Enhancing Emotional Intelligence
Emotional Intelligence (EQ or EI) can be defined as the ability to understand, manage, and effectively express one's own feelings, as well as engage and navigate successfully with those of others. According to Talent Smart, 90% of high performers at the workplace possess high EQ, while 80% of low performers have low EQ. Emotional Intelligence is absolutely essential in the formation, development, maintenance, and enhancement of close personal relationships. Unlike IQ, which does not change significantly over a lifetime, our EQ can evolve and increase with our desire to learn and grow.
Perhaps no aspect of EQ is more important than our ability to effectively manage our own negative emotions, so they don't overwhelm us and affect our judgment. In order to change the way we feel about a situation, we must first change the way we think about it. Here are just two examples:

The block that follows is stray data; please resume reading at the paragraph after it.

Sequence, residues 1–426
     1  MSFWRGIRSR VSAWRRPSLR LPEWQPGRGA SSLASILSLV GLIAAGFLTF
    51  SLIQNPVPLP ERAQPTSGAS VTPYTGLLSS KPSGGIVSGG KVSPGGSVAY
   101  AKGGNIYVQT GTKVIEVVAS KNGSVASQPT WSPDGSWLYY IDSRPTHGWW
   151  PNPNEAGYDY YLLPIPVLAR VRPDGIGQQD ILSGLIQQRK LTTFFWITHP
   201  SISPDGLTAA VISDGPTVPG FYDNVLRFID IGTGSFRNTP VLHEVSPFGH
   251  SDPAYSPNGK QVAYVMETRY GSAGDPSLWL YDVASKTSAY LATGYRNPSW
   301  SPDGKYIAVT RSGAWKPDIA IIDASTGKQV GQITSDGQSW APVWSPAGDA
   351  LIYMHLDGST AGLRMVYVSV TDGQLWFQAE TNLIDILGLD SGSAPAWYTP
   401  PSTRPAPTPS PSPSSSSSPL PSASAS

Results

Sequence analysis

Reducing Negative Personalization. When you feel adversely about someone’s behavior, avoid jumping to a negative conclusion right away. Instead, come up with multiple ways of viewing the situation before reacting. For example, I may be tempted to think my friend didn’t return my call because she’s ignoring me, or I can consider the possibility that she’s been very busy. When we avoid personalizing other people's behaviors, we can perceive their expressions more objectively. People do what they do because of them more than because of us. Widening our perspective can reduce the possibility of misunderstanding.
Reducing the Fear of Rejection. One effective way to manage your fear of rejection is to provide yourself with multiple options in important situations, so that no matter what happens, you have strong alternatives going forward. Avoid putting all of your eggs in one basket (emotionally) by identifying a viable Plan B, and also a Plan C, should Plan A not work out. For example:
Increased fear of rejection: “I’m applying for my dream job. I’ll be devastated if they don’t hire me.”
Decreased fear of rejection: “I’m applying for three exciting positions. If one doesn’t pan out, there are two more I’m well qualified for.”